|Born||October 26, 1976|
|Height||1.90 m (6 ft 3 in)|
|Weight||85 kg (187 lb)|
In December 2003, Wotherspoon became the most successful male skater in World Cup history when he claimed the 49th victory of his career. He finished his career with a record 67 World Cup wins at 500 and 1,000 metres.
Wotherspoon was born in Humboldt, Saskatchewan, but grew up in Red Deer, Alberta. There he first became involved in speedskating after signing up for a power skating class in an effort to improve his ice hockey abilities. Initially, Wotherspoon competed in both short track and long track events. He eventually chose long track as a specialty and climbed through the junior ranks, moving to Calgary to train with the Canadian national team at the age of 17. Wotherspoon soon won medals on the World Cup circuit, with his first victories in 1997.
Wotherspoon dominated sprint events and held world records in both the 500 m and 1000 m distances. He is a four-time World Sprint Champion, taking the title four times in five years between 1999 and 2003, and a 13-time World Cup Overall Champion on the 500 m and the 1000 m. During the 1998 Winter Olympics in Nagano, Wotherspoon won a silver medal in the 500 m, despite being the favorite.
Four years later, at the 2002 Winter Olympics in Salt Lake City, Wotherspoon fell at the start of his run during the 500 m, and finished 13th in the 1000 m event. The next Olympic Games in Turin in 2006, he failed to reach the podium once again, placing 9th in the 500 m event and 11th in the 1000 m. Wotherspoon, disappointed, decided to spend time alone on Mausund, a remote Norwegian island near the Arctic Circle. When asked whether he was anxious over skating after a season away from the sport, he stated "I'm more interested to see how quickly I can get back up."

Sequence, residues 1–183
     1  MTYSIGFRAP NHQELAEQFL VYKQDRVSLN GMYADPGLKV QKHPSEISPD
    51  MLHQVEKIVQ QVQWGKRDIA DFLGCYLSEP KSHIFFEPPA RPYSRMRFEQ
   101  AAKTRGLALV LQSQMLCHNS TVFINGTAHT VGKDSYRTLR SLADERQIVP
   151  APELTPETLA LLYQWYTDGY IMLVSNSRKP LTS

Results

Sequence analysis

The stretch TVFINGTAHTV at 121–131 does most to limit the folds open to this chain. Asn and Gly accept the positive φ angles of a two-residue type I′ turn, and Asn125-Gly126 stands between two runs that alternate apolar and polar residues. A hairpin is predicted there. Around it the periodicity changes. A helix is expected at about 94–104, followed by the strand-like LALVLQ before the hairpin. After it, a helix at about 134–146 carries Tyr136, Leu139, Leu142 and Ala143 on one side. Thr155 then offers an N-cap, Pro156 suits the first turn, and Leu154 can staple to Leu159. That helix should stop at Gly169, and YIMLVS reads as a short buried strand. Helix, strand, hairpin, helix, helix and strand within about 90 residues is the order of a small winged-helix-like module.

2010 Olympics and first retirementEdit
Following his time in Norway, Wotherspoon set a world record in the 500 m event on November 9, 2007. However, he later suffered an arm injury while skating in the 2008–09 World Cup season. On December 27, 2009, Wotherspoon officially secured his spot for the 500 m and 1000 m events at the 2010 Winter Olympics in Vancouver after finishing first in the Canadian trials held at the Calgary Olympic Oval. Despite this, Wotherspoon placed 9th and 14th in the Olympic events, respectively.
Wotherspoon announced his retirement from speed skating on December 6, 2009, promising to do so following the Vancouver Olympics and the 2010 season end.
Wotherspoon announced that he was returning to speedskating in June 2013 with the aim of competing at the 2014 Winter Olympics. He failed, however, to qualify in his signature event, the 500 m sprint, and was not named to Canada's Olympic team.
Following his initial retirement in 2010, Wotherspoon coached at an academy in Inzell, Germany, training skaters from countries without coaches, facilities or formal programs. He returned there after his 2014 comeback attempt, then moved to a developmental team in Norway. In April 2016 Wotherspoon became the sprint coach for Norway's national team, with the aim of ending that nation's three-decade Olympic medal drought in long track's sprint events.
|Men's speed skating|
|500 m||34.03||November 9, 2007||Utah Olympic Oval, Salt Lake City||Former world record|
|1000 m||1:07.03||November 11, 2007||Utah Olympic Oval, Salt Lake City|